What started as a partnership by a couple of teenagers grew into the most iconic pop music group of the 20th century. To this day, McCartney says he still can't create a piece of music without envisioning John's critique.
Macca made the revelation on a forthcoming BBC radio documentary, John Lennon at 80, which is set to air in two parts this Saturday and Sunday, October 3 and 4, on BBC Radio 2 and BBC Sounds, ahead of what would have been Lennon's 80th birthday, Oct. 9.
"Ever since the Beatles broke up and we didn't write together or even record together, I think each one of us referenced the others," McCartney told host Sean Ono Lennon in a clip provided to NME. "When we're writing stuff, I often do it, you know — I'm writing something and I go, 'Oh, God, this is blood awful.' And I think, 'What would John say?'... 'Yeah, you're right. It's bloody awful. You've got to change it.' And so I'll change it, and I know from reports that he did similar things to that. If I'd have a record out, he'd go, 'Bloody hell ... got to go in the studio. Got to try and do better than Paul.'"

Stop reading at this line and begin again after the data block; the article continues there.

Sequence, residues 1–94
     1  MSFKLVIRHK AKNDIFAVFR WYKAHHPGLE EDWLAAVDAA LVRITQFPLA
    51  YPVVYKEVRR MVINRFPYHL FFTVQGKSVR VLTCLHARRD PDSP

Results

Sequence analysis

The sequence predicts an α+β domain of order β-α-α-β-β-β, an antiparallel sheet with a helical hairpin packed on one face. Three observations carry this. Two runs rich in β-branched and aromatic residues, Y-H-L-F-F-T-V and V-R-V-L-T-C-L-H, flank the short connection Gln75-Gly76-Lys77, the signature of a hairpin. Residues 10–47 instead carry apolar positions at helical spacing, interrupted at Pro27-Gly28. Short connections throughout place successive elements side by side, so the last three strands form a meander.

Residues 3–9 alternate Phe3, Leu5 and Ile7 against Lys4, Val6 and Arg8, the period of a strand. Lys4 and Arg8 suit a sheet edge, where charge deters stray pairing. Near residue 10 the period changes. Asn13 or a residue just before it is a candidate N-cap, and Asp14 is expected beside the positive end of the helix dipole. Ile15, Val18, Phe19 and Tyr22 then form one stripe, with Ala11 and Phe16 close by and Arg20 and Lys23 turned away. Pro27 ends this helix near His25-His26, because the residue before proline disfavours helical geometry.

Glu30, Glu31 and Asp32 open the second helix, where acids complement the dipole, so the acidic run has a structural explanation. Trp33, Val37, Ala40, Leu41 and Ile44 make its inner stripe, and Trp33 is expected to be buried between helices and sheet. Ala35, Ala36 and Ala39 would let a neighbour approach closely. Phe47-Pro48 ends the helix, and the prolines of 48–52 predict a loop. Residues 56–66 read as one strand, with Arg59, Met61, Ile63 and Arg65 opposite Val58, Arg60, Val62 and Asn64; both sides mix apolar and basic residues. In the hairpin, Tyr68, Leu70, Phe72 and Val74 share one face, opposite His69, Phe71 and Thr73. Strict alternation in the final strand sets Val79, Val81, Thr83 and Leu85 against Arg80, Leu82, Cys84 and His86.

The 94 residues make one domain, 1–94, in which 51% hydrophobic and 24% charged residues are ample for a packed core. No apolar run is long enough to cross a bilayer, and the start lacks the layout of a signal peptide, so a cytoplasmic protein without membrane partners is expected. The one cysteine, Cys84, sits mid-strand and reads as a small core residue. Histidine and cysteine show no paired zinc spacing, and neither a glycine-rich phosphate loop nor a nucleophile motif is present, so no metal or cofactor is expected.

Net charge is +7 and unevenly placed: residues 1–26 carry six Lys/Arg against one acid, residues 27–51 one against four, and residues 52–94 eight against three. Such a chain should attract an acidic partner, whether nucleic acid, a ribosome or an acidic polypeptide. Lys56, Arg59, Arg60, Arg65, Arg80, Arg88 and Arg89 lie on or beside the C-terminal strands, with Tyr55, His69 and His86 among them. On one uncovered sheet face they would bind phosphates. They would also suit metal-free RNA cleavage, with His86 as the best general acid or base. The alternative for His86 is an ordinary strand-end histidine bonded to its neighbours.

In the special, McCartney also revisits the very first song he and John ever wrote together, "Just Fun," a tune the pair wrote circa 1957. A mention of "Just Fun" was included in the 1970 Let It Be film.
A new version of the 1970 documentary, cut by Lord of the Rings director Peter Jackson, is due out next summer. Surviving Beatles, McCartney and Ringo Starr, have repeatedly praised the film as having reframed a challenging period in the band's career to show that, despite their differences, the Fab Four remained friends through the breakup of the band.
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